Everything in the fortress came into Ahmad Allah Khan's possession -- ammunition, weapons, rations, and equipment. It is surmised that the money and jewelry of Chaudhri Umrao Singh that had been kept in the fortress for safekeeping must also have come into Ahmad Allah Khan's hands, since he stayed undisturbed in the fortress for several days in order to load his elephants with cash and goods to be sent to Najibabad. Chaudhri Umrao Singh later told us the same story; however, there are some reliable people who say that Ahmad Allah Khan did make a search, but was only able to take the things that were visible on the surface -- goods, cash, and grain -- while the old treasure that had been buried in secret outside the fortress in bastions and houses was spared. Of course, the facts are such that only Chaudhri Umrao Singh can know the truth.
5) The Chaudhris Ready to Resist Ahmad Allah Khan
The Chaudhris held a round of discussions amongst themselves, in view of their overriding concern at this heavy blow against one of the leading men of the District. With one voice, they agreed to make an effort to take back the fortress from Ahmad Allah Khan, and to mobilize their men at Dhampur. On July 31, 1857 the following leaders banded together: Chaudhri Randhir Singh and Chaudhri Budh Singh, Rais-es of Haldaur, with two artillery pieces; Chaudhri Pratab Singh with a jezail; and the Chaudhris of Kant with an artillery piece. In one village after another, the drums were sounded to mobilize the population; this call to mobilize was heard everywhere in the District. As hostages for Ghasa Singh and Basant Singh, the Chaudhris seized Nadir Shah Khan, Hasan Raza Khan, and Sabit Ali Khan, who were relatives of Mahmud Khan and his agents at Dhampur. At the same time they killed two sowars of the Nawab.
The Nawab was in a tight corner as a result of this mobilization. His men were being seized and killed wherever they went. Some of his soldiers were killed in the village of Nangal. Some of his letters that had been dispatched to Ahmad Allah Khan were also taken. I saw in Chaudhri Umrao Singh's possession an authentic letter sent by Mahmud Khan from Bijnor, and another equally authentic letter of Azmat Allah Khan. I write at this point the exact texts of the sentences in these letters that deal with this contest:
6) Selection from a Signed Letter of Mahmud Khan
Dated July 31, 1857, Afternoon7) Selections from a Seized Letter Written by Azmat Allah Khan (Undated)
It is known from those coming from Sherkot that you, the light of my eyes, have sent Ghasa Singh for Umrao Singh. The matter can be put in this way: the effects in the fortress can be seized without exception when it has been taken after resistance and casualties. Also well known from former times is the rule that a man pledges his life for his wife and land. God Almighty has given you the fortress with its effects and money. You ought to re-establish your authority and not concern yourself about the mischief-makers. God Almighty will now reward you even more.8) The Reason that Enmity became Established between Hindus and Muslims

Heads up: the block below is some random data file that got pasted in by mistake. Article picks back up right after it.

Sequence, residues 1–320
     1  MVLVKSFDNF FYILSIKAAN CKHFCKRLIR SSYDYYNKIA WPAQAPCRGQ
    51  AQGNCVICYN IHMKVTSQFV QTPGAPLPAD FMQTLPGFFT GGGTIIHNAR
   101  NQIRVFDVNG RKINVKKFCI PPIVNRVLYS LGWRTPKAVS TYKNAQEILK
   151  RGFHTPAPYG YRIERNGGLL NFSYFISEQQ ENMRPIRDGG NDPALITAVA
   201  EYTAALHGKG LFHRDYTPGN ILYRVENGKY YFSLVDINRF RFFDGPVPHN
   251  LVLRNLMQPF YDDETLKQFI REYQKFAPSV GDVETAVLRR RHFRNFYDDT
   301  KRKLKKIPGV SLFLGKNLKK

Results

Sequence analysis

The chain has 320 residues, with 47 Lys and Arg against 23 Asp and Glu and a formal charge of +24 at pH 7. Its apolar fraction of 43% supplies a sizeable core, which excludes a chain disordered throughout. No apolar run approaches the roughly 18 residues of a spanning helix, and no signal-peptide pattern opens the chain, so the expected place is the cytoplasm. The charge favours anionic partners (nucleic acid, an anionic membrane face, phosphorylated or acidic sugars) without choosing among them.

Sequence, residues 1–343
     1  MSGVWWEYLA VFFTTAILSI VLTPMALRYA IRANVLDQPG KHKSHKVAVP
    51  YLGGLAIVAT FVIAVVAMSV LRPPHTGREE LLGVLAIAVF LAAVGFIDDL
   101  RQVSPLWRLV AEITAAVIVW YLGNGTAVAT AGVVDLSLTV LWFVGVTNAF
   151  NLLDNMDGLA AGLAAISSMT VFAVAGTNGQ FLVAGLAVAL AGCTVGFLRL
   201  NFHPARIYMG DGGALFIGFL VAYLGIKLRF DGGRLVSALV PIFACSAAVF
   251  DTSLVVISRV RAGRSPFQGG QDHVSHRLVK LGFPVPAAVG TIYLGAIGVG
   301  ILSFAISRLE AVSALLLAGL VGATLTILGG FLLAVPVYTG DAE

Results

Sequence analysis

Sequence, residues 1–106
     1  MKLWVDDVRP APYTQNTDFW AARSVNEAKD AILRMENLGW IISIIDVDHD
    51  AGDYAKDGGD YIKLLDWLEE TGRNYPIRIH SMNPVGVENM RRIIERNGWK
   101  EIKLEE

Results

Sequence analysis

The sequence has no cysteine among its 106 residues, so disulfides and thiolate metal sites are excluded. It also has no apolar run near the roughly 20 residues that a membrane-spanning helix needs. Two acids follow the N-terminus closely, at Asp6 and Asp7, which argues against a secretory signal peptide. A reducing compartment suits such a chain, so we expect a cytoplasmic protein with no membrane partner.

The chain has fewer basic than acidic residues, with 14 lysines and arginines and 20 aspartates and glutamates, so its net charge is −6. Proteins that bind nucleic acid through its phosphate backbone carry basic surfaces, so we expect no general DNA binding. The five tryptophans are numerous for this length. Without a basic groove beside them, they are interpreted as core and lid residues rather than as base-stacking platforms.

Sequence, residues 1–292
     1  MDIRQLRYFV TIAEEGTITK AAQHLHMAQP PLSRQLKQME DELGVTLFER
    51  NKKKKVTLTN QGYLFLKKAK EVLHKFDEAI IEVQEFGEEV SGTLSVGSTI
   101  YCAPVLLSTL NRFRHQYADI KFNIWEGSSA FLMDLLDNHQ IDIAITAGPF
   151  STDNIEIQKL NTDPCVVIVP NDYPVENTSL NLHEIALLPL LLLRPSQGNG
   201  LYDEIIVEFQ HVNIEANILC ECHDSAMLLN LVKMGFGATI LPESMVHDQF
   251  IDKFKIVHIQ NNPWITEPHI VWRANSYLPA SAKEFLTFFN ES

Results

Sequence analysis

Before this fighting there had never been a dispute, nor feelings of hatred, nor even a religious altercation, between Hindus and Muslims of this District. On the contrary, Muslim servants prevailed in numbers in the houses of the Chaudhris. Hindus were employed in the same way, as soldiers, etc. at the Nawab's palace. However, in this fighting, the growth of hatred between Hindus and Muslims became more and more unavoidable. On the one side there was the group of Hindu leaders, while there was the group of Muslim leaders on the other side. To the extent that the Hindus reinforced their position, it was unavoidable that this new support was exclusively Hindu. The same happened for the Nawab; the support which he brought together was all Muslim. So it was that the growth of the dispute between Hindus and Muslims became unavoidable. Besides this factor, events had been continually taking place which led to an increase in religious hatred. For example, the Hindu temples in Sherkot were damaged by Muslims, while in Chittawar and Sowaheri, Hindus damaged the mosques. Also, Hindus singled out Muslims for killing, or Hindus were singled out for killing by Muslims. The whole story will appear in what is to follow.
This hatred grew so intense that it proved impossible to rescue Hindus whenever the Muslims had the upper hand, or to rescue Muslims whenever the Hindus had the upper hand. This hatred became so bitter that no one could put any credence in what Muslims said about Hindus, and vice versa. It became extremely difficult to obtain a true account of the situation in the District -- that is, an account that might be free of malice. I can say that Chaudhri Budh Singh's intentions had appeared quite good up to the first battle of Haldaur, and that he sincerely wanted peace in the District. Nonetheless, while we were there, Hindus attacked the mosque in Haldaur in order to destroy it. Chaudhri Budh Singh himself went to the spot to end the disturbance. Chaudhri Budh Singh's good intentions up to that time will also be clear in the account which I will give.
9) Arrival of the Royal Decree of Mir Sadiq Ali and Rustam Ali Rais of Chandpur
Events were proceeding at Dhampur and Sherkot in the manner we are relating. At Chandpur, however, the folly of Mir Rustam Ali and Sadiq Ali created another kind of disturbance. They received an answer to the petition which they had sent to the King of Delhi. They were overjoyed. The text of the farman is as follows: